Q: I have a 16-year-old daughter who wants to date and I am totally against it. I don't want her to date until she has completed high school. (It also goes against our family's culture.) My daughter always puts up a fight over this issue. I'm afraid she might be dating behind my back so I have basically grounded her so that she can't date. Do you think what I've done is fair? If not, what can I do?
A: I'm glad you are seeking answers to your dilemma -- it shows your willingness to be open minded! As parents, it's important that we strive to be fair and flexible with our teens. Being a mom of two teenage daughters myself I can empathize with your concerns.
Your daughter's desire to date is in the range of normal behaviour for a 16-year-old in the society in which she is living. Socially, her need to belong and be accepted by her peers is vital. If she doesn't feel she fits in, it can be very detrimental to both her self-esteem and her social and emotional development.
Our children experience key changes, both physical and emotional, in these years. By restricting your daughter's ability to socialize with her peers, you restrict her ability to discover who she is and develop independence and important relationship skills.
As well, if you continue to use rigid and controlling approaches you run the risk of losing any influence at all in her life. And of equal importance, you will likely destroy your relationship with her.
Open up the Discussion
Your daughter is growing up in a democracy. She will believe it is her right to have a voice and a say in her life. Anything less will feel disrespectful to her. It is time to sit down and explore solutions to this problem together. Remember you may be giving up control (and that can be very scary) but you will gain influence in her life and hopefully her respect.
Follow these 5 steps when problem-solving:
1. Calm time
Present the issue at a calm time and in a respectful (non-blameful) way: "Your social life seems to be very important to you now. I would like to see if we can find a solution that will be satisfactory to both of us."
2. Teen's point of view
Start off by listening to your daughter's position first. (It's important for her to believe you're understanding and caring of her point of view -- whether you agree with it or not!) Give her a chance to elaborate on the injustice of it all and listen without comment (small sounds like "Mmm" or phrases like "I see" can be a help!). Then summarize what you've heard her say. "You feel I am being too controlling and overprotective. And you think I don't trust you. Is that correct? Anything else?" (Always good to give them another shot at voicing their opinion now that the wheels are in motion!)
Page 1 of 2 — Learn to get your point of view across on page 2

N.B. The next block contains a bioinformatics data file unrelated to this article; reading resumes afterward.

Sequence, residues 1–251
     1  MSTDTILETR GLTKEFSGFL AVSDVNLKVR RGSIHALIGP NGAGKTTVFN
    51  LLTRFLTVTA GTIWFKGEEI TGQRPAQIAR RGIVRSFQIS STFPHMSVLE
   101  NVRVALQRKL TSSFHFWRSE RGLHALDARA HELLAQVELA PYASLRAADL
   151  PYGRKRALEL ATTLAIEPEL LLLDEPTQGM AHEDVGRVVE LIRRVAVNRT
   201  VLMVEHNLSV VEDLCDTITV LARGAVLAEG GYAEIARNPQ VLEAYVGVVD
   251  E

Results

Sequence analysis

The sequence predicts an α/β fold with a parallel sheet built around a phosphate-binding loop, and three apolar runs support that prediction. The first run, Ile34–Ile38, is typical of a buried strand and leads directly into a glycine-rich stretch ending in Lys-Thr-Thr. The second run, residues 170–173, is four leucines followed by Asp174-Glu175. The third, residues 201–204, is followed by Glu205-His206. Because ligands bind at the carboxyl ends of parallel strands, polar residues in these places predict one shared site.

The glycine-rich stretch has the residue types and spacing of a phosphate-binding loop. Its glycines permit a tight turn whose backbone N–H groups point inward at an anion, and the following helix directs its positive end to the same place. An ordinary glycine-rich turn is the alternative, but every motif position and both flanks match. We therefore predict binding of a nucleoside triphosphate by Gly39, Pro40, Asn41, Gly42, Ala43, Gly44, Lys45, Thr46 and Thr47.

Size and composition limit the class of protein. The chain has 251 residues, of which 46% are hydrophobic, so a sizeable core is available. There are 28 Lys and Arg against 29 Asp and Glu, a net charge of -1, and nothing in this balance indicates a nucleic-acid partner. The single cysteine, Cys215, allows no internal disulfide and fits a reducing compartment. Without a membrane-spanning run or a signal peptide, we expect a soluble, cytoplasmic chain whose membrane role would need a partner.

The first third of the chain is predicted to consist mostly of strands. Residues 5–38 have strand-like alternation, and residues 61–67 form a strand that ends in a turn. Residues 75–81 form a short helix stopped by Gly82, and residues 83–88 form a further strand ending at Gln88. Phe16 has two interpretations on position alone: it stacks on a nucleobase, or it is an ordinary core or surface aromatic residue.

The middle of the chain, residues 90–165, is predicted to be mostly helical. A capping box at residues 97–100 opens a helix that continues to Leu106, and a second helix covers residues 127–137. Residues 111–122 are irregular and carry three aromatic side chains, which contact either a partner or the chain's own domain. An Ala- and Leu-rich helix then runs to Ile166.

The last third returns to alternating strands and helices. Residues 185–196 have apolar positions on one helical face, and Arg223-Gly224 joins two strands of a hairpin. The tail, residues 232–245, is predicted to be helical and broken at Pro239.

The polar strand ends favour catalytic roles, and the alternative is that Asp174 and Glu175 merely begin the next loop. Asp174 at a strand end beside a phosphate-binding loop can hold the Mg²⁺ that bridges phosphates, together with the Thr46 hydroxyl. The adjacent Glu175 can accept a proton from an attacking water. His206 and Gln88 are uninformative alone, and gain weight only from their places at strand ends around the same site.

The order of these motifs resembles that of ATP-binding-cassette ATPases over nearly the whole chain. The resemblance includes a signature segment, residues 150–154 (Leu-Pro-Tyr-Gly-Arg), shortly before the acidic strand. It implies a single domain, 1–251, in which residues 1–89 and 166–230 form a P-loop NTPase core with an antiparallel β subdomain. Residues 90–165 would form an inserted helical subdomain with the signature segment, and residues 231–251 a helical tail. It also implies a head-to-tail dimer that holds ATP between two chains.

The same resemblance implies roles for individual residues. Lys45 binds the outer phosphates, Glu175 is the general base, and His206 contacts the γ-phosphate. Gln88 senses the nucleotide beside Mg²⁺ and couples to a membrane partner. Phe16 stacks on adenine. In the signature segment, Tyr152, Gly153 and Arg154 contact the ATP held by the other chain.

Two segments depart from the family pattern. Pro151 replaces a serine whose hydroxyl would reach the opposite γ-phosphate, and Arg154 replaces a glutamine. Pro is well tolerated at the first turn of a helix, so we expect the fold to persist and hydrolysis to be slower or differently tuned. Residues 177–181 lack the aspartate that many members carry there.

3. Parent's point of view
Now it's time to share your point of view. It's probably best to keep this brief since she's likely heard all of your complaints before. Get to the heart of how you feel (in 10 words or less): "I love you too much to fight like this. Can we look at some possible solutions together?"
Time to brainstorm. At this stage, all ideas are accepted. It's a good idea to jot them down. Also, you want to keep the process positive -- this isn't the time to evaluate or knock ideas.
Time to sort through and hopefully agree on a solution that's mutually satisfactory. Write down the decision and agree on a test period -- perhaps for a week or two. Follow-through is a key to the success of these sorts of agreements. After the trial period, sit down again and evaluate how it is working. If it's working, congratulate yourselves; if it isn't, go back to the drawing board.
Independence and good judgement come from life experience and often, unfortunately, from many mistakes (or bad judgment). If you can embrace the attitude that mistakes are an opportunity to learn and grow, you will be much more supportive of your daughter. Of course, we also want them to take responsibility for their mistakes!
State Your Values
Your daughter is living in a number of different societies: her family; peer group; school; and possibly a place of worship. Each of these groups has different rules and values. Like most teenagers she will experiment with these values throughout her teen years, and like most teenagers will likely come back to what is most familiar. So have some faith in the roots you have given her and continue to model (not force) your family values.
Get Outside Help
All parents of teens have moments of doubt and fear for their child's future. You don't need to carry this burden alone. Join a parenting class; read a parenting book (see suggestions below); talk with other parents; go to a counsellor with your daughter. Seek the knowledge, skills and courage to be a positive leader in your daughter's life.
1. Positive Discipline For Teenagers, by Jane Nelson
2. Teen Brain, Teen Mind by Dr. Ron Clavier
3. Grounded for Life?! by Louise Felton Tracy
Beverley Cathcart-Ross is a certified parent educator, a private counsellor, a mother of four teenagers and founder of The Parenting Network.